One of the most important of these is mapping outcomes to core business objectives. Data can be exciting and fascinating, and it can take analysts on complex journeys, so it’s crucial to keep business outcomes in mind or the project may not deliver a return on investment. Managers should check in with their data scientist regularly to ensure they’re keeping those business goals top of mind throughout every facet of the project.
It’s also important to put strong communicators in both the data science team and the business unit. It can be worth designating a representative from both teams to make sure communication flows clearly between them.
There is no better way for a data scientist to understand the business than to be embedded in the team needing insights. Isolating data scientists from the business only serves to make it more difficult for them to understand the business objectives they’re supposed to be helping to achieve. Instead, they should sit with the team, absorbing knowledge and information that may not otherwise be apparent.
Employers should also look at building a team with varied skills. Diversity brings new ideas, approaches, and ways of looking at existing problems. It’s important to find data scientists with a range of different skills so each can bring a unique value to the team.
How can businesses avoid hiring the wrong person in a data scientist role?
There are few, if any industry-wide qualification or certification that employers can check to see if a data scientist is proficient, so it comes down to the interview process. There are several questions the interviewer can ask: depending on the answers, they’ll know if they’re talking to a true data scientist.
For example, the interviewer can ask the candidate to nominate their preferred machine learning algorithm. If the candidate doesn’t have a strong preference and can’t explain why they prefer one over the other, then they’re probably not suited for the role. Interviewers can also ask how the candidate would prove that changes to an algorithm have made an improvement. The candidate should talk about making sure the before and after results of the changes are repeatable, and were tested in a controlled environment with the same data and equipment on all occasions.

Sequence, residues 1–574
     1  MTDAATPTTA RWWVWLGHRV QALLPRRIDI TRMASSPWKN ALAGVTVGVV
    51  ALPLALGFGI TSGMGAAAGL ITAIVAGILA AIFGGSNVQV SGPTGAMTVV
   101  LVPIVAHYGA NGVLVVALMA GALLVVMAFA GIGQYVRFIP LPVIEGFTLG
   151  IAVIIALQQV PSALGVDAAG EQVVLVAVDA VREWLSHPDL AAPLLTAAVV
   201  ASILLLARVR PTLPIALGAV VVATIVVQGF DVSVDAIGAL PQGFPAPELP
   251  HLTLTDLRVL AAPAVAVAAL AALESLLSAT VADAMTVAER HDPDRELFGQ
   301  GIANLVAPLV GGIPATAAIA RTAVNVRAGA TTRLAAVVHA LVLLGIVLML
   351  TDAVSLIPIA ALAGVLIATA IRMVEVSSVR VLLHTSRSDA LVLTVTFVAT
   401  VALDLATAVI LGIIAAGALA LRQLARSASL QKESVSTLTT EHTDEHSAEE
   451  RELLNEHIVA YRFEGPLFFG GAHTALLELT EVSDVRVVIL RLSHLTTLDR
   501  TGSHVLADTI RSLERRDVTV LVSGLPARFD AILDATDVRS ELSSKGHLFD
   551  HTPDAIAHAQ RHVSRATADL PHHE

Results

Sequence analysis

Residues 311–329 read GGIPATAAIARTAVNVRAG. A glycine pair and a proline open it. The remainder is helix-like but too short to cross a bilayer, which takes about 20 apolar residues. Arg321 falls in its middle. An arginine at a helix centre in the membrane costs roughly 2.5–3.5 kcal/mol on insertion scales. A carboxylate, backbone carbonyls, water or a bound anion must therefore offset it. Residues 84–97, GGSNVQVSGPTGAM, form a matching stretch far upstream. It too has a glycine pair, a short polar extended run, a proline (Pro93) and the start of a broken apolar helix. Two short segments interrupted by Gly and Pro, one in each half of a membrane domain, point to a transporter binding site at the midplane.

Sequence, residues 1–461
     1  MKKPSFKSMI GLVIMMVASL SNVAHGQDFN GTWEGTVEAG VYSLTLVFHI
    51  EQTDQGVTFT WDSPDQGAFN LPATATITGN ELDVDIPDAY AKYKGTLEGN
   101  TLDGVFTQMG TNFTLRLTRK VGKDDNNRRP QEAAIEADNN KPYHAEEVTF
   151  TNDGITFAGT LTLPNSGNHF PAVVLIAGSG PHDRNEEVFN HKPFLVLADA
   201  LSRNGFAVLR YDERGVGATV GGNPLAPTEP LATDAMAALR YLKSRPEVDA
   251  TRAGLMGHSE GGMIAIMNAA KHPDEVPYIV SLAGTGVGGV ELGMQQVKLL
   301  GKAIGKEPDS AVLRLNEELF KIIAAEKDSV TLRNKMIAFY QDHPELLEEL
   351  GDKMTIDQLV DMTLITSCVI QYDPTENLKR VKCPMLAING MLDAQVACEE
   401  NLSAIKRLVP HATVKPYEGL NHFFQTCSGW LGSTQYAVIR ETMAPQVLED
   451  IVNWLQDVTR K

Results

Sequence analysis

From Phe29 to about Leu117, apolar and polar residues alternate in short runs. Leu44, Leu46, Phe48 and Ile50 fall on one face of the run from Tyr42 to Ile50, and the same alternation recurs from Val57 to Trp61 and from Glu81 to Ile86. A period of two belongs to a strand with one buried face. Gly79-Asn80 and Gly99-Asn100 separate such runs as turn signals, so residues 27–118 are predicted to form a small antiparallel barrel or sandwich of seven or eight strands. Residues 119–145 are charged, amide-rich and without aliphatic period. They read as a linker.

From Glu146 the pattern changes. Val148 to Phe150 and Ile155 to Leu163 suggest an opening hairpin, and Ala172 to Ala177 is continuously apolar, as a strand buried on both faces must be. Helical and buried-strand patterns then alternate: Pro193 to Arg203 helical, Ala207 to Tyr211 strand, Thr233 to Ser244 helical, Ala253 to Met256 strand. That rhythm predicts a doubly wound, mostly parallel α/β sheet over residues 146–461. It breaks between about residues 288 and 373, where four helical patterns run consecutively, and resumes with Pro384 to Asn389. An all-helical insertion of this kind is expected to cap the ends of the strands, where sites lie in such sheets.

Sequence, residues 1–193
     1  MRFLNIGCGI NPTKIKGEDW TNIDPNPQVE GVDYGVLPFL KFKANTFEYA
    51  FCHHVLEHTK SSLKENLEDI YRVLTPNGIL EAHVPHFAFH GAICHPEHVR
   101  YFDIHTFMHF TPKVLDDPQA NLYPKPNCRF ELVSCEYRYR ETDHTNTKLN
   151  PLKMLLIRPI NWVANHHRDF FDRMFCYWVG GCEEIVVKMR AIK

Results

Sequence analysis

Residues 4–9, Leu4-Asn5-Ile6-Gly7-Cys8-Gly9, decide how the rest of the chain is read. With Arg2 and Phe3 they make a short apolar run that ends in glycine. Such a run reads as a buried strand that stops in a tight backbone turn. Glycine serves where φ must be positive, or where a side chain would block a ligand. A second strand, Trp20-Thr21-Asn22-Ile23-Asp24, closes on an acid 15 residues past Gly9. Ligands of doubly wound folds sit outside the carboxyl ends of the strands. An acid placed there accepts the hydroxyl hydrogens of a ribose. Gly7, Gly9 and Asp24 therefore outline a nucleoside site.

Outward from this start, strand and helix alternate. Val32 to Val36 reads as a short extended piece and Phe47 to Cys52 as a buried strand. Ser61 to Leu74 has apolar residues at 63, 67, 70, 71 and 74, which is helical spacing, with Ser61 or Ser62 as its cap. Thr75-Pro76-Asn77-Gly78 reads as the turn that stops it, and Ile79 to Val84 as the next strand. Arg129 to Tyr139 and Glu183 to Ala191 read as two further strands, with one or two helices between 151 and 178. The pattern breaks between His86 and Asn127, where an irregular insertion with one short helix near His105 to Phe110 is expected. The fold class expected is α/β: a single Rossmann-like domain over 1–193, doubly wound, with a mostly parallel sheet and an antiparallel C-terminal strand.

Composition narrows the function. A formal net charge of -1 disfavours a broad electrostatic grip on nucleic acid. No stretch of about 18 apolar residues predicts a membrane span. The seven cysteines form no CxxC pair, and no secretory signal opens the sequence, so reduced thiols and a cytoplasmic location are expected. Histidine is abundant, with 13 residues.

A popular question for interviewers is to get the candidate to give an example approach for root cause analysis. Their response should go much deeper than a simple definition. It should demonstrate the candidate’s precious experience in deconstructing code during troubleshooting and that they were able to solve the issue after pinpointing the cause.
Getting specific, it can be worthwhile asking the candidate to explain when they would use different tools, such as Spark versus MapReduce. There are numerous answers here. For example, in-memory processing using resilient distributed datasets (RDDs) on small datasets is faster than MapReduce because it has a higher input/output (I/O) overhead, however flexibility is the key attribute to look for. MapReduce may get the same answer as Spark but more slowly, so knowing when to use which approach and why is crucial.
These technically-specific questions are just a start but they can quickly separate data science pretenders from those with genuine knowledge and experience.
Companies that hire the right data scientists can see their business operations and profits improve as a direct result. Hiring a data science pretender can do the opposite, so it’s important to get it right.